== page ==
Some Anthropological Characteristics of Anglo-Negro Children

Some Anthropological Characteristics of Anglo-Negro Children

The Journal of the Royal Anthropological Institute of Great Britain and Ireland
Volume 73, Numbers 1/2 (1943)
pages 57-73

K. L. Little, M.A., Ph.D.
The Duckworth Laboratory
University Museum of Archaeology and Ethnology, Cambridge

I. Introduction

Although fairly large Negro communities have been in existence in Liverpool, Cardiff, London and other ports of the kingdom since the time of the Great War, very little advantage has so far been taken of the opportunities ostensibly available there for the study of racial mixture. The work of Miss R. M. Fleming (1939), who examined a large number of Anglo-Negro and other crosses, mainly in Liverpool, is an exception, but she designed her investigations more from the standpoint of family than of group inheritance. In the present inquiry, which was carried out during a series of visits to Cardiff, Hull and Liverpool in the summer months of 1941, 1942, and 1943, an attempt has been made—so far as the nature of the material allows—to examine certain aspects of mixture on linen more familiar to the anthropologist. The data presented relate to groups rather than to individuals. Perhaps a word on the methodological implications of this point may be permitted. It is evident, in the popular discussion of the topic, that a great deal of confusion has arisen in this country, as well as elsewhere, through failure to appreciate the significance of individual, as opposed to group, situations. Yet the issue is quite plain, provided its nature is understood. Since the term “race” is essentially a concept relating to a group of people, it is incorrect to speak of certain results following from racial mixture unless such results can be shown as well marked characteristics of a “hybrid” population, regarded not as the product of individuals genetically more or less unrelated to each other, but as the product of racially unrelated groups of individuals. This significant distinction has been made somewhat pungently by Ruth Benedict (1942) in a book in which she points out that miscegenation, like race, is an abstraction: the mating of two persona is a reality. It is possible, also, that a great deal of unnecessary controversy, as well as confusion, would be obviated if it was realised more widely that biological differences between individual members of the same racial group are usually greater than the differences between typical individuals representing different racial groups. Marked “overlapping ” in anthropological characteristics is nearly always found in comparisons between different populations, even when they are racially quite distinct.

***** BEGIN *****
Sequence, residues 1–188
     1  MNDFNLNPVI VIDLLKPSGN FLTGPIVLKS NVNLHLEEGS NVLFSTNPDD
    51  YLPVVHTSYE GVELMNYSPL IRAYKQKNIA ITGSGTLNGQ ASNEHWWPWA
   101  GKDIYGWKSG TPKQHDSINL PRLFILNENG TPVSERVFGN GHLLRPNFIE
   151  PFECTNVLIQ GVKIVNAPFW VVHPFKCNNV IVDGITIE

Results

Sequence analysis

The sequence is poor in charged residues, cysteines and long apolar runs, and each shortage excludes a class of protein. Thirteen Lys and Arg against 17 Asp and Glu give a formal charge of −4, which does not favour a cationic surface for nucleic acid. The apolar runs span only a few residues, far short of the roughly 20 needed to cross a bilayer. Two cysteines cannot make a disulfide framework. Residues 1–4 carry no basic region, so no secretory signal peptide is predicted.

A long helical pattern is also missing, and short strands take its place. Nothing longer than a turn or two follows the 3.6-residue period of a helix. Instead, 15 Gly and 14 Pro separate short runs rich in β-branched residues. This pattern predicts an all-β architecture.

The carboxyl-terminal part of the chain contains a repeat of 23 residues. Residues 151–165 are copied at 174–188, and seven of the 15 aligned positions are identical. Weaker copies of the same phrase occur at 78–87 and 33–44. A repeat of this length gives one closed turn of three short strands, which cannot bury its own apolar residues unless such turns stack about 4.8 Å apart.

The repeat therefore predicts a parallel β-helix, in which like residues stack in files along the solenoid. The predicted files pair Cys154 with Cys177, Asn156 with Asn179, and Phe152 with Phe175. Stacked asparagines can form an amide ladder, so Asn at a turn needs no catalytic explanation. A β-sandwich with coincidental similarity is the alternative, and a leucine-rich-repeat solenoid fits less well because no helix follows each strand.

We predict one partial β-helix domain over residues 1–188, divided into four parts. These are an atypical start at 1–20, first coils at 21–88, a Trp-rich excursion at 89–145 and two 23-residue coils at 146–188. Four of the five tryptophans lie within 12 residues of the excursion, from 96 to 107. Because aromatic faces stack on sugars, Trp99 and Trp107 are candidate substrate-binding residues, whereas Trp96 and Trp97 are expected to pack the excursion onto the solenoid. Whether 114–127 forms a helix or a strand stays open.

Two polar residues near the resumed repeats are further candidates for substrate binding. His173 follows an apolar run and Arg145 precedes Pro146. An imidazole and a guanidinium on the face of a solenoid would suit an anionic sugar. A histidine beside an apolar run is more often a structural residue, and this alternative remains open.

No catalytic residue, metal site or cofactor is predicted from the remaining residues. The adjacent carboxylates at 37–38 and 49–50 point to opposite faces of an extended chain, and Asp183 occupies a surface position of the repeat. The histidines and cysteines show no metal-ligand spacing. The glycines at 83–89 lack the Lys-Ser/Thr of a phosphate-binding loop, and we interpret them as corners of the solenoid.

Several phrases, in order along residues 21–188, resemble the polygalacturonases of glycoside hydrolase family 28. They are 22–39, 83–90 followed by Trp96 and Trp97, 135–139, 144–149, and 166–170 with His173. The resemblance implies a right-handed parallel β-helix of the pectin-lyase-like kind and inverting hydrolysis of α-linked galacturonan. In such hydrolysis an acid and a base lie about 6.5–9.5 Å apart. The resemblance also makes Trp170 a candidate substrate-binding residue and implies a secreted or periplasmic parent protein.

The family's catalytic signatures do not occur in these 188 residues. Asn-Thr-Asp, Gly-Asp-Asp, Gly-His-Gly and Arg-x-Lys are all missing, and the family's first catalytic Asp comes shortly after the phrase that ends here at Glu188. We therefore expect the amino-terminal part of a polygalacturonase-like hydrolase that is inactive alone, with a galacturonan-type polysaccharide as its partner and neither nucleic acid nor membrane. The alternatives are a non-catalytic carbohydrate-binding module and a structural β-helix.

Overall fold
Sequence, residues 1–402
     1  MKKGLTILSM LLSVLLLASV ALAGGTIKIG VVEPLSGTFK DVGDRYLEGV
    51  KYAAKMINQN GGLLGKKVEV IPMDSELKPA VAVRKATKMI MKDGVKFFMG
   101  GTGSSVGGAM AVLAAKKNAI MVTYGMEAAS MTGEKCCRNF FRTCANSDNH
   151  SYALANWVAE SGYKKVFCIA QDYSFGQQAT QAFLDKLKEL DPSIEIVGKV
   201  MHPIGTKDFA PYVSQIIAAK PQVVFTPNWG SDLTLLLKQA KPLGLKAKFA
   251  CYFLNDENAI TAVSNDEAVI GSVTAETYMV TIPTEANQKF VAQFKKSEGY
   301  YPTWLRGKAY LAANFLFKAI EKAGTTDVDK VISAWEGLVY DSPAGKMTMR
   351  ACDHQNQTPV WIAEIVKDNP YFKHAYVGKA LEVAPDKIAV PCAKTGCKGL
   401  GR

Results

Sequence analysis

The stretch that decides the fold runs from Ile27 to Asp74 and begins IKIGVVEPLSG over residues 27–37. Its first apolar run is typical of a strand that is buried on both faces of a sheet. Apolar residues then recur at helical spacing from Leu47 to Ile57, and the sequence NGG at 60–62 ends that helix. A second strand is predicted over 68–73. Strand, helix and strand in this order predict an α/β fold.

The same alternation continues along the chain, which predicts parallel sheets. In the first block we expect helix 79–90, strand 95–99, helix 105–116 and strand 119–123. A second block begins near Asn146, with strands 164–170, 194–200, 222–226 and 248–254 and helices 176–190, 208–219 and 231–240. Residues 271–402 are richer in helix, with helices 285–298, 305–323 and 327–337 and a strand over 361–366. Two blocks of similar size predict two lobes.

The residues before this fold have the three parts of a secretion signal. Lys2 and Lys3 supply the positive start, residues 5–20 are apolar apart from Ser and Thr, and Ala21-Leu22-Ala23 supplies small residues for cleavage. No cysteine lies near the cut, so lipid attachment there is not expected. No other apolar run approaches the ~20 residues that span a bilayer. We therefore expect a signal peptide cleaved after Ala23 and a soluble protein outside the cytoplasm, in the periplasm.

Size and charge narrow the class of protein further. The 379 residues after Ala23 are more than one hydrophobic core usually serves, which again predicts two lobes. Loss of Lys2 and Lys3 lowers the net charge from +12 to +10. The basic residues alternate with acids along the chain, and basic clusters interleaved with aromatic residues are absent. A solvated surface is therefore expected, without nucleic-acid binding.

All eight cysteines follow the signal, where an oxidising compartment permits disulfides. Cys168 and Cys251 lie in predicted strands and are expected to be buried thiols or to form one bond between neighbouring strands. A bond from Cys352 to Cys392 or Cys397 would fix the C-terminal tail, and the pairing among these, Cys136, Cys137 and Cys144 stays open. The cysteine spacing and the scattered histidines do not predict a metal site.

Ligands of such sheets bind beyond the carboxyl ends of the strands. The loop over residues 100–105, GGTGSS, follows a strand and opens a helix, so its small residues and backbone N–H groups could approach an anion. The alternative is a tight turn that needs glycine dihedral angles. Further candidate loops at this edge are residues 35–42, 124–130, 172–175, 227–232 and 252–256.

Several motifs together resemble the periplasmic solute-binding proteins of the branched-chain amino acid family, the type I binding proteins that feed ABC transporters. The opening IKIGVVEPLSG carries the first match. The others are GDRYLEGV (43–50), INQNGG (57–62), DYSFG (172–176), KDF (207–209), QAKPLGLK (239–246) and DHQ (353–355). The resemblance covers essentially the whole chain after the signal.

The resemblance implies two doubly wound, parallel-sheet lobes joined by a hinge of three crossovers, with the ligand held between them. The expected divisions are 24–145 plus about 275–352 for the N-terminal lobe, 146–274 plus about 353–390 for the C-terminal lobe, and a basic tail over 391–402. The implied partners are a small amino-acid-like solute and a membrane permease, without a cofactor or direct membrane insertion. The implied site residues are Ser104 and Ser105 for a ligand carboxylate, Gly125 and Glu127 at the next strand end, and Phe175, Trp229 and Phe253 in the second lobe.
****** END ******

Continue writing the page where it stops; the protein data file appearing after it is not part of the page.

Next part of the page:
The urgency of clarification of this matter needs to be emphasised. Until the biological and sociological aspects of the problem are recognised as quite separate parts of the field, and until the problem has been shorn of biological mysticism, the study of racial mixture in this country, considered as a topic concerning human biology, will remain a difficult and unenviable task for the investigator.

II. Anthropometric Criteria Employed

The data which are analysed in the following Tables and Figures relate to some 460 male and female ” English” and Anglo-Negro children, the offspring of members of the seafaring communities of the ports mentioned. Most of these subjects were living in Cardiff and Liverpool, and they had an environment, in their dockland habitat, which is not unlike that of other children of the same social and economic class as themselves. On nearly all these subjects some two dozen measurements and a number of observations regarding the colours of hair, eye and skin, and the condition of the teeth, were taken. The object of the investigation was to compare the Anglo-Negro (“hybrid”) and ” English ” populations in terms of the central tendency, variation and growth of physical characters. The latter sample may reasonably be regarded as being made up by juvenile representatives of one of the parental stocks from which the former was derived.   As wide an assortment of characters as was practicable was employed, and having regard to the racial elements concerned—-i.e. Negroid and Caucasoid — special attention was paid to features such as nasal breadth and shape, thickness of lip, colour of skin, etc., which make the clearest distinction between the parental groups. In view of the relative consistency of environmental factors, it was thought best to include for secondary consideration some of the more modifiable characters such as stature, height sitting, and weight…

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